Let us start by adding a rectangle from the General library menu.  Click the rectangle shape (the top left shape), drag it somewhere on your diagram, and then release.  The shape will appear in your diagram, highlighted.



As long as a diagram element is highlighted, the Format Panel on the right hand side will be replaced by a new panel.  This is the Shape Format panel.



There are three tabs on the Shape Format panel: Style, Text, and Arrange.


Style Options



The first part of the Style tab deals with shape color.  Clicking any of the color blocks will set selected shape(s) to the designated color.  We can select from a wider range of colors by clicking the color block button to the right of the Fill tick box. This will bring up a color chart screen.


 

You can select a color for the background using either the finely graded color chart, or the coarser one underneath it. If you use the finely graded color chart, note that once you have made a selection, you can tune the color very precisely using the slider bar on the right hand side of the main chart.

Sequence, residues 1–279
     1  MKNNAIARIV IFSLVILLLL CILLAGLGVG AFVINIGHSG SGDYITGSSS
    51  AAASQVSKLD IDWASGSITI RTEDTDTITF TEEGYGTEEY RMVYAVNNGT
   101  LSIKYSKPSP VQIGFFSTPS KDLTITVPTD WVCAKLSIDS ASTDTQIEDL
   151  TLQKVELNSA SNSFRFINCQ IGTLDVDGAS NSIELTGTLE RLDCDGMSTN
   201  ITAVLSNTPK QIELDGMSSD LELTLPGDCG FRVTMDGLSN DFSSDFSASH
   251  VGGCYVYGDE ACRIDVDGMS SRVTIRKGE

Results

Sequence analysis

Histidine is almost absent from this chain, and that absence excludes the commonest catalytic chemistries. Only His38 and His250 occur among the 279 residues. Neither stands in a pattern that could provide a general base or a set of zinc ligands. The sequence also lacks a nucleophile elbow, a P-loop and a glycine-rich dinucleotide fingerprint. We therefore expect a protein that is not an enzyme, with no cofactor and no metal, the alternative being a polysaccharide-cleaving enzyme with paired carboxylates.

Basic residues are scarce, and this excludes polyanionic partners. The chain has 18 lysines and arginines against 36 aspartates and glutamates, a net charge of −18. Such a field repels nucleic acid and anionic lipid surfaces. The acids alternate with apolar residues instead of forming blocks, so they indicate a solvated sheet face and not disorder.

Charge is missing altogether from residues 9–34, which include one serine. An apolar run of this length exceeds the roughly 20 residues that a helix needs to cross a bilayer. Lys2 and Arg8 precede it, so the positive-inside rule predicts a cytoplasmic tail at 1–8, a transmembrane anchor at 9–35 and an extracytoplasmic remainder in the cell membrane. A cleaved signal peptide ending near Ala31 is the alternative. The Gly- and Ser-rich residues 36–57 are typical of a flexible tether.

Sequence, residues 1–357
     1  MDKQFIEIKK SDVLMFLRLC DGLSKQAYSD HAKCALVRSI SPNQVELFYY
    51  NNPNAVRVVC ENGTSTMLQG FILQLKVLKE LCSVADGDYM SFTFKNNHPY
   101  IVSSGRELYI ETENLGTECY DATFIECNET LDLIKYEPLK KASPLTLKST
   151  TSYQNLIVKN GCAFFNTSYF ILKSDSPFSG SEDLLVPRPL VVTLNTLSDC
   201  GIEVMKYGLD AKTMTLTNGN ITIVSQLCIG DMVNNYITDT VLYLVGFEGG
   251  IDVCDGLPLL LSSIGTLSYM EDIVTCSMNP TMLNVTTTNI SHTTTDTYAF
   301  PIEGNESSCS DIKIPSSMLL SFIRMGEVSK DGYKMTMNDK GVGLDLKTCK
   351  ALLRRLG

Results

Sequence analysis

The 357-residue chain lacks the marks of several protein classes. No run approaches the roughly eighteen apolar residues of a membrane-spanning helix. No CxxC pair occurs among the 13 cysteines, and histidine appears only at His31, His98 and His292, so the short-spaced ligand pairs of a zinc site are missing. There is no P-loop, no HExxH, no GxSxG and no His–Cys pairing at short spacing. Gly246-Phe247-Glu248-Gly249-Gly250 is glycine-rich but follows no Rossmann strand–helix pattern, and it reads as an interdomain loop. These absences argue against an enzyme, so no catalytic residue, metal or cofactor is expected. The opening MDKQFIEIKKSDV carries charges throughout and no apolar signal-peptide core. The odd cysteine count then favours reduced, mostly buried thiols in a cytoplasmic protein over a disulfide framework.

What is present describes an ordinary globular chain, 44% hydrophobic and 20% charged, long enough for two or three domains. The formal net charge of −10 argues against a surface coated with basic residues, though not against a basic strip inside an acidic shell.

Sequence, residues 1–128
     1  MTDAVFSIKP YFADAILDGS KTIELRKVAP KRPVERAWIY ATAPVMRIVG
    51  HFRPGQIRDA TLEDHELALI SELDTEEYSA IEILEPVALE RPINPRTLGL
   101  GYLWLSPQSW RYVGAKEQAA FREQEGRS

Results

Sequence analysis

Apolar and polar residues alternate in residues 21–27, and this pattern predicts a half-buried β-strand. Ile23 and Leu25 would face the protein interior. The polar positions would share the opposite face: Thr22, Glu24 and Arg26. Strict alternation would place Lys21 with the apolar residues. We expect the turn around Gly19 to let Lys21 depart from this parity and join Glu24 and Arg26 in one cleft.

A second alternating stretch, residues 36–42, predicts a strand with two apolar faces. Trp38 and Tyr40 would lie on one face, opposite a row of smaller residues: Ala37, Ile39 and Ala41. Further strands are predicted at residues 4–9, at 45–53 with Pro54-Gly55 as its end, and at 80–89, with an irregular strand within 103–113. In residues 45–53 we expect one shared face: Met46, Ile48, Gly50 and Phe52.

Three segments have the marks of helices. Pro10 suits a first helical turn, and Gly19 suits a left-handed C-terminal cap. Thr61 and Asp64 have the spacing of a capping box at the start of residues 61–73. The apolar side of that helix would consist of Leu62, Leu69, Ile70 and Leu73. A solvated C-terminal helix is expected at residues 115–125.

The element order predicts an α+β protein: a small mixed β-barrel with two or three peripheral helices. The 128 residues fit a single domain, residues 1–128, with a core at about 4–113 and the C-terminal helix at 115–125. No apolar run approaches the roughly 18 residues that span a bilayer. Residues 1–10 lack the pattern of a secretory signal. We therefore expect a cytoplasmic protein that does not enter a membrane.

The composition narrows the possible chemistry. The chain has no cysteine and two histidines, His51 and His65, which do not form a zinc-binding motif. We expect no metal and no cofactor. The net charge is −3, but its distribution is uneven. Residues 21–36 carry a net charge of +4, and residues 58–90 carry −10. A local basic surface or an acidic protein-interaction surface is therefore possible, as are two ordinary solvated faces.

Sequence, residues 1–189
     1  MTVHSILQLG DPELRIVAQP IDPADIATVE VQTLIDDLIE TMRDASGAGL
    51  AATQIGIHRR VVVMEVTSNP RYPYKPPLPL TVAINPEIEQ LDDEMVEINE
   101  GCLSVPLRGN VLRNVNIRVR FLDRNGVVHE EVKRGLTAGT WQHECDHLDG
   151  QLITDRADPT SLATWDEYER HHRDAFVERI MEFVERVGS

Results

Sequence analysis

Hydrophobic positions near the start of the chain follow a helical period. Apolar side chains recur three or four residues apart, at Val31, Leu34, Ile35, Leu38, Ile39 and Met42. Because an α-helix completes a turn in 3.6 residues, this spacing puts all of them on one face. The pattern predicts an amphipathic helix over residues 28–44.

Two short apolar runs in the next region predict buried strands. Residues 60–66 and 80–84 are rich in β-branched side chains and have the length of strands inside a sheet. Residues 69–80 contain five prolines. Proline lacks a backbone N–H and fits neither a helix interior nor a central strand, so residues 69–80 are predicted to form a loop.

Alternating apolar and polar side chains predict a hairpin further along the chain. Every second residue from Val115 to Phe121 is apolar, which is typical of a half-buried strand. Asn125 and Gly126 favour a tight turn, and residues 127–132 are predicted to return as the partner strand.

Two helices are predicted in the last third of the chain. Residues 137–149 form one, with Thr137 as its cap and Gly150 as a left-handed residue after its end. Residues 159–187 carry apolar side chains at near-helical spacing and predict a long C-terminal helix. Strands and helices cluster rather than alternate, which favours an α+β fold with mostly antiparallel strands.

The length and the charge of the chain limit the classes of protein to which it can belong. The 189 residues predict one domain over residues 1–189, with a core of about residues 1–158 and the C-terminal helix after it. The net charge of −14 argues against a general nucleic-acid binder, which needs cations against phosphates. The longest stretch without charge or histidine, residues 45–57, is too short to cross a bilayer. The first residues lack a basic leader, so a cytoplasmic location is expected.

The text field will display the hexadecimal representation of the three primary color components (red, green, blue) for the currently selected color, and the field background will also change to the selected color. The default selection is white.

Once you are satisfied with your choice, press Apply to set the fill to that color. Below we have chosen a brown background. Note that the fill color block button will change color to reflect your choice.



If you want to have a shape with no color, simply untick the Fill tick box to remove color fill.

You don't have to fill using one solid color.  You can instead have the color vary gradually between two colors.  To do this, you need to have the Gradient tick box ticked.  This will cause another color block button to appear, and you can go through the same process as you did with the Fill color.  Once you have chosen both colors, you then decide in which direction you want the color gradient to go.  Below we have kept the fill color, and added a gradient color of pale yellow, with a South facing gradient.



There is a black line border around the shape by default.  To change the line color,click the color block button to the right of the Line tick box, and again follow the same color selection procedure.  Below we have chose a red line border.



There are further options for customizing the line: you can choose dotted or dashed lines, change the line thickness, or remove the line altogether.  It is also possible to set a perimeter space around the line, which will create white space between the shape and any attached connectors (this effect is purely visual - the connectors will function as usual).